Thursday, March 10, 2011

Jodi Picoult Live at the Andaz

Jodi Picoult, Bethanne Patrick, Ellen Wilber (with guitar)

On March 7, Atria Books held a Literary Salon-Series at the Andaz Hotel in NYC with Shelf Awareness' editor of their new consumer publication Bethanne Patrick (@thebookmaven for Twitter followers) interviewing author Jodi Picoult about her new book, Sing You Home. (My review here)

Publisher Judith Curr introduced Jodi by saying "she has the best hair I've ever seen", and that is so true. If you've seen a photo of her, you know what she's talking about. And it is the best hair I've ever seen too.

Sing You Home is a very personal book for Picoult, and hearing her speak about it reinforces that. The book is about a a same-sex couple, Zoe and Vanessa, who wish to use Zoe's frozen embryos from her IVF treatments with her ex-husband Max to allow Vanessa to become pregnant with Zoe's child. Max is now involved with a fundamentalist Christian Church, and takes Zoe to court to take possession of the embryos to give to his brother and sister-in-law so that they can have children.

Picoult revealed that her son came out to her and her husband when he was 17 years old, although she says she knew he was gay since he was a young child. He is now attending Yale, getting straight A's, involved in many on campus activities, and is a great ballroom dancer. She says "the least interesting thing about him is that he is gay".

She says that this book is a mission for her as a mom; she wants her son to be able to fall in love, get married and raise children, just like everyone else.  Isn't that what all parents want for their children?

Picoult does lots of research for all of her books, and this was no exception. Her most difficult interview ever was with a woman from a group called Focus on the Family. They believe that there is "freedom from homosexuality through Jesus". Picoult respected that this woman wished to have her organization's views portrayed accurately, and she spent six hours with her.

Many scientific studies that are referenced in the court case in the novel were discussed by the women, and when Picoult asked the woman if she worried that Focus on the Family's message was not being used correctly, the woman cried and said, "thank God that's never happened". Picoult brought up the Matthew Shepherd murder, but the woman didn't get it. Picoult was still visibly upset by that interaction as she recounted it.

She also interviewed several lesbian couples, and came to the conclusion that their relationships are just like straight couples, except "they talk all the time", which drew laughs from the audience.  They also don't have gender specific roles, like only one of them killing bugs, taking out the trash; the chores of everyday living are just done by both.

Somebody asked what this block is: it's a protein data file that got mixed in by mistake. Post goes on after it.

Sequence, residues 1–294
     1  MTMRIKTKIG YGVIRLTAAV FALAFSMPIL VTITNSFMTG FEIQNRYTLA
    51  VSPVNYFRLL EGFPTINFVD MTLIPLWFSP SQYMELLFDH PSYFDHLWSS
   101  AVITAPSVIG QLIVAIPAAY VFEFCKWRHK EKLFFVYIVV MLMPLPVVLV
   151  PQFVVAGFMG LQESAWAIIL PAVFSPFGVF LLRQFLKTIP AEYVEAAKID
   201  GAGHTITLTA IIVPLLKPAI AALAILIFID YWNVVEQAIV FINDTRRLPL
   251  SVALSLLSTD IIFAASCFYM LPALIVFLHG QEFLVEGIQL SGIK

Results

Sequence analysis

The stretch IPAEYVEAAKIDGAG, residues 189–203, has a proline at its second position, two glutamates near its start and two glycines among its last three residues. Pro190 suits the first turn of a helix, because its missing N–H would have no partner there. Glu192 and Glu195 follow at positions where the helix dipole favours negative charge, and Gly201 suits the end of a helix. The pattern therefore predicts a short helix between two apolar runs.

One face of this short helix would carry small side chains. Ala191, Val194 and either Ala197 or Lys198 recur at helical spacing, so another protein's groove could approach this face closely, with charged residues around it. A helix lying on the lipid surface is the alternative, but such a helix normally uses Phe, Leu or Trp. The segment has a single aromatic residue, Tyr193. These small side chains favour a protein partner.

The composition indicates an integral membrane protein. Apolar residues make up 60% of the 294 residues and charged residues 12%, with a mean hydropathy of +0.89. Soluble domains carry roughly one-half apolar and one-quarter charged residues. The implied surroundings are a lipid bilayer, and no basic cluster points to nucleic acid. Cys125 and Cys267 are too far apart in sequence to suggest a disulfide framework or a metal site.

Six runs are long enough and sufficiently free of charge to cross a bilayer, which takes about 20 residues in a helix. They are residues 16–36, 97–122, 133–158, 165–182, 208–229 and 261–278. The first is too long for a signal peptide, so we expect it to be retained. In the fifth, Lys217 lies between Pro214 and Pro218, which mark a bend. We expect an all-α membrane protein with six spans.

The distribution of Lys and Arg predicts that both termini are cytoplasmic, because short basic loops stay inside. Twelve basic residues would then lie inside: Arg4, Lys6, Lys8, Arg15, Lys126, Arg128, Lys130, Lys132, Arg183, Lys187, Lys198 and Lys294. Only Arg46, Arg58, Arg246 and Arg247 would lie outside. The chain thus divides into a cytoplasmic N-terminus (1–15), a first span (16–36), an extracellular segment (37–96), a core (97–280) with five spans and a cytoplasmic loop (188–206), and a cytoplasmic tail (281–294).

Picoult is selling signed copies of her book to benefit The Trevor Project, a support system and hotline for LGBTQ teens. She is working closely with The Trevor Project, and says the best thing people can do for gay teens is to work on anti-bullying projects in schools. She also says giving gay teens support- just telling them "I love you and think you are great"- can make a huge difference to them.

Patrick asked Picoult about the Twitter dust-up called 'Franzenfreude' that occured when Jonathan Franzen's book Freedom was released. Picoult mentioned on Twitter that it was odd that Franzen got two separate lengthy reviews and a feature story in the New York Times the week his book was released, but several female authors who had books published that week didn't even get a mention. And by the way, most book buyers are women.

Author Jennifer Weiner picked up on the comment and tweeted about the dearth of female authors being reviewed in major publications, and then a person pretending to be Franzen started tweeting back to them, and it turned into a humorous few weeks, with a valid message behind the fun.

Patrick also asked my favorite question- which authors do you read? Picoult says that Alice Hoffman "made me a fan as a reader", and three books that she read recently she loved are Room by Emma Donoghue (so agree!), The Particular Sadness of Lemon Cake by Aimee Bender, and Pictures of You by Caroline Leavitt, who was sitting next to me in the audience. I was so excited to meet her; I found her book a few weeks ago at Costco and squealed so loudly with joy when I saw it that I think I frightened a woman who was looking at other books. She quickly pushed her cart away following my outburst.

Music plays a big role in the book, as Zoe is a music therapist. Patrick asked Picoult who she listens to, and the response was electic- Wilco, Aimee Mann, the cast CD of the Broadway show Ragtime, and Hannah Montana (which got a laugh of recognition from other moms in the audience). She's also a Gleek- Glee is her guilty pleasure.

She and her friend, musician Ellen Wilber, wrote songs for each chapter of the book, and we were treated to a performance by Wilber of Sammy's Song. A CD comes with the book, with Wilber singing the songs. She has such a lovely, crystalline pure voice. It was a delightful way to end the evening!

Thanks to Atria Books for inviting me to this fabulous event. You can watch the event here on my website.




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